US stocks reverse heavy losses as buyers step in

Shares on Wall Street ended higher on Monday after investors took advantage of a sharp decline early in the session to snap up discounted stocks.

The S&P 500 index stock gained 0.3%, reversing a midday decline of up to 4%. At its lows, the blue-chip U.S. benchmark was more than 10% below an all-time high this month, known as the correction.

The changes throughout the trading day were intense, with volatility gauges reaching the highest levels since October 2020, ahead of the US election and the results of the effectiveness of vaccines developed by Pfizer and Moderna to prevent the spread of coronavirus.

Between its highs and lows, the S&P 500 rose 4.4 percentage points on the day. An intraday move of this magnitude has not been recorded since March 2020, when the coronavirus pandemic sent financial markets plummeting.

US stock markets have been rocked this month as the Federal Reserve is expected to quickly reverse the stimulus measures that have propelled stock markets for the past two years.

But as with previous selloffs, investors stepped in late Monday to buy the dip.

Nonetheless, 137 of the S&P 500 stocks are down more than 20% from recent highs, including top companies such as Moderna, Twitter, Netflix and Salesforce. The S&P 500 suffered its biggest loss since March 2020 last week.

“In this type of environment, you would expect the more speculative names to be the most affected, and that is what is happening,” said David Kelly, chief market strategist for JPMorgan Asset Management.

Kelly pointed to a hawkish pivot from the Fed, as well as concerns about the effect the Omicron variant of the coronavirus has had on economic activity and rising geopolitical tensions as Russia stations troops on the Ukrainian border.

“Everyone realized that this market had come a long way, given the continued uncertainty, and needed to undergo a correction,” he added.

Line chart of intraday price swing in the S&P 500 (%) showing US stocks swinging dramatically on Monday

Shares of major US technology groups have been among the hardest hit on Wall Street. The tech-heavy Nasdaq Composite index briefly fell 4.9% before rebounding to end the day in the green.

The trading brought the Nasdaq a hair’s breadth away from a so-called bear market – when all-time high losses topped 20%. Already, 69% of the more than 3,600 stocks in the index are down by that much or more.

Investors sought the relative safety of US government debt amid the selloff earlier in the day. An auction of two-year U.S. Treasuries drew its strongest demand since April 2020, with the yield rating dropping 0.05 percentage points to 0.95%.

Investors are “grimmed” by the Fed’s policy shift at its rate-setting meeting this week as the central bank seeks to rein in soaring inflation, said Gargi Chaudhuri, chief strategy officer. iShares Americas investment in BlackRock. They also focus on how quickly the Fed will start shrinking the size of its balance sheet by nearly $9 billion, which has already trickled down to financial markets.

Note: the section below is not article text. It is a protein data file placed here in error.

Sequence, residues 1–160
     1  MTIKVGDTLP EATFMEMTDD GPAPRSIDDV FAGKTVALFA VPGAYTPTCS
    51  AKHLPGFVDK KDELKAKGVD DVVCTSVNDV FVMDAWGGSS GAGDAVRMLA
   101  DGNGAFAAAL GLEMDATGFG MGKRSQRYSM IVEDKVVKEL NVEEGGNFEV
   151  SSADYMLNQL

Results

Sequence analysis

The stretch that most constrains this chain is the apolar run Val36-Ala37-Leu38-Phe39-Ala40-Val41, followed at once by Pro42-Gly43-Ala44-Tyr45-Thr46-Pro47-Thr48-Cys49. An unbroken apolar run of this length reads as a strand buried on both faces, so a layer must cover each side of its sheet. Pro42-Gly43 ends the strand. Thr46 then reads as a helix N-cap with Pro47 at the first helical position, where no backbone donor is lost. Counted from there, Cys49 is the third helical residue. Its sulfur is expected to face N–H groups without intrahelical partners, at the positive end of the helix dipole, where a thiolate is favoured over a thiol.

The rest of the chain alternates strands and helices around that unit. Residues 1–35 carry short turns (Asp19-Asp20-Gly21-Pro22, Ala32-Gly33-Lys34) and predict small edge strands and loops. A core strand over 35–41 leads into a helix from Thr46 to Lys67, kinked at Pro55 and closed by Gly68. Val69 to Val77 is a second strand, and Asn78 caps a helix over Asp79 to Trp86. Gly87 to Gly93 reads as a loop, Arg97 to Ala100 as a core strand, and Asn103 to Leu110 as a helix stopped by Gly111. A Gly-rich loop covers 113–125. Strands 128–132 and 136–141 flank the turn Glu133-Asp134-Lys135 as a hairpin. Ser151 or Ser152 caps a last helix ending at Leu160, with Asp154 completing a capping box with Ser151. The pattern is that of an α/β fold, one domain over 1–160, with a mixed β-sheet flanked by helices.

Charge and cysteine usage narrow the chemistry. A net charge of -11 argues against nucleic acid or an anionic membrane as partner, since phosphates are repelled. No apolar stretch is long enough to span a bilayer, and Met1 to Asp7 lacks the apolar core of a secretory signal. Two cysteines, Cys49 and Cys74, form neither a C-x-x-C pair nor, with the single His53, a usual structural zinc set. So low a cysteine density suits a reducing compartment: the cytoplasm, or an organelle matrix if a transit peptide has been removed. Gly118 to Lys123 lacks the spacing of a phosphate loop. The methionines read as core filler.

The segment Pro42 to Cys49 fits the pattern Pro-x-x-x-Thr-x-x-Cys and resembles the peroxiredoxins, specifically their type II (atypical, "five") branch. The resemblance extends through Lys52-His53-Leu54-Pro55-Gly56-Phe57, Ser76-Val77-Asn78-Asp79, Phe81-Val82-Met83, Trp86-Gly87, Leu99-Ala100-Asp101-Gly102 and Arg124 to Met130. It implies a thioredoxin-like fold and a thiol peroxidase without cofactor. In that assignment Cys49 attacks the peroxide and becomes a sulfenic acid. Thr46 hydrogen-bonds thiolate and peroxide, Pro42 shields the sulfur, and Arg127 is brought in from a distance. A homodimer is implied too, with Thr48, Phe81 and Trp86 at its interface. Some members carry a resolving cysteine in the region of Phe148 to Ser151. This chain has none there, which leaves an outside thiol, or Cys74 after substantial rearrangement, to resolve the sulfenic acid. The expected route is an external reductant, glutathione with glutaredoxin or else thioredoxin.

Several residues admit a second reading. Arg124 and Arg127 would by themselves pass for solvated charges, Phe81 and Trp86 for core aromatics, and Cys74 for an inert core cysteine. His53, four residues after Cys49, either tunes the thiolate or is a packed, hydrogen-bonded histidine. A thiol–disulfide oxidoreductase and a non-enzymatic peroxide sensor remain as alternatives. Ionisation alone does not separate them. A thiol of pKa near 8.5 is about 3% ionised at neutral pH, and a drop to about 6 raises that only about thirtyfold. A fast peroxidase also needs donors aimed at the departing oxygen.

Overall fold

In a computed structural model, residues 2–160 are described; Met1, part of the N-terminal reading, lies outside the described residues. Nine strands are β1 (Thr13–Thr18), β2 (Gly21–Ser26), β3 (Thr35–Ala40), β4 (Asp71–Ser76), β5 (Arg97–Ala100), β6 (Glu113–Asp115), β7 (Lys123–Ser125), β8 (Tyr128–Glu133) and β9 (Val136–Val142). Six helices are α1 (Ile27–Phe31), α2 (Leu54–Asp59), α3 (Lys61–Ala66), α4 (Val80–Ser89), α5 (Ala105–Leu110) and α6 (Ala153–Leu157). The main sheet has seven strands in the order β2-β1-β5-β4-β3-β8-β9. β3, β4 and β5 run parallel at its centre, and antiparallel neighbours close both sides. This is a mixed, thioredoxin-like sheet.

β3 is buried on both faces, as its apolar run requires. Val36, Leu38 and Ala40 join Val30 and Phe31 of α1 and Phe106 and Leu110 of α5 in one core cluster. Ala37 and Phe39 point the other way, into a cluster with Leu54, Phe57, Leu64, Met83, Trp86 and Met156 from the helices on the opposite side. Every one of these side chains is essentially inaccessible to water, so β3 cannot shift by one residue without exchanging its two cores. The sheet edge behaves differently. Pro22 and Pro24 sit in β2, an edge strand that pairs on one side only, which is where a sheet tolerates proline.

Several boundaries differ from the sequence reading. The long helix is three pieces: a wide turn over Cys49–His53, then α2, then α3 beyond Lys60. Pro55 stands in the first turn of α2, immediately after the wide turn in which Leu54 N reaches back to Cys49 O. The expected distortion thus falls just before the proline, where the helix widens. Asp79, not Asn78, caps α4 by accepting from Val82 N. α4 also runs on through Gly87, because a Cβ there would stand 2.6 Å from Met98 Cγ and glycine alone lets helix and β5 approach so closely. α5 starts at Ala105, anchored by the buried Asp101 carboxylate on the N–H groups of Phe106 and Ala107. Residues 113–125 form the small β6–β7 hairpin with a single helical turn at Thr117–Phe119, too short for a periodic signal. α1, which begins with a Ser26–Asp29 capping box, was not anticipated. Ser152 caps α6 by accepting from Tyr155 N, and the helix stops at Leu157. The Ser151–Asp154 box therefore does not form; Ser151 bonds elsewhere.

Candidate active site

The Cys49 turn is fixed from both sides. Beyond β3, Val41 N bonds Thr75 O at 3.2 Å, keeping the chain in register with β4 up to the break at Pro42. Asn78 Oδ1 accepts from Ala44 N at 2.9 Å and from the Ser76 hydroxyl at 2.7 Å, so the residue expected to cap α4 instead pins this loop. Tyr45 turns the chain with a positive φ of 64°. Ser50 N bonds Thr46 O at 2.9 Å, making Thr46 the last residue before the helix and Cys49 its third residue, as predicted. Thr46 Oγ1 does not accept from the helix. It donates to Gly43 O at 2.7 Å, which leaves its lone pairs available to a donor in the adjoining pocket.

“The idea that we are going to have policy normalization at the same time as we have balance sheet runoff will obviously be bad for financial conditions, and therefore bad for equity markets,” she said.

Goldman Sachs said over the weekend that it expected the Fed to signal that it would begin raising interest rates in March from historic lows near zero. The bank also warned customers of a “risk that the Federal Open Market Committee may want to take tightening action at every meeting until [the inflation] the image is changing” and that it could raise fares more than four times this year.

Futures markets have predicted that the world’s most influential central bank will raise its benchmark interest rate to more than 1% by December.

While higher interest rates increase borrowing costs for all businesses, they also make projected corporate earnings worth less in investor valuation models, with an amplified effect for tech companies. and other growth companies whose peak profits aren’t expected for years.

Tech shares had soared during the pandemic era due to a widely held view that social restrictions had accelerated the advancement of social trends such as online shopping, remote working and gaming. .

But speculative tech stocks had reached “valuations [that] don’t make sense in any investment environment,” Morgan Stanley strategist Michael Wilson said in a note to clients, and weren’t falling “just because the Fed is pivoting.”

In Europe, the Stoxx Europe 600 regional equity index fell 3.8% to its lowest level since October. Its tech sub-index fell 5.8%, its biggest daily decline since October 2020 and bringing its loss so far in January to more than 13%.

South Korea’s tech-heavy Kospi index fell 1.5% and Hong Kong’s Hang Seng Tech index fell 2.8%.

The Vix, Wall Street’s so-called fear gauge that measures expected volatility on the blue chip S&P 500 stock index, hit 38.94 points – its highest since October 2020.

Additional reporting by Jennifer Creery in Hong Kong and Leo Lewis in Tokyo

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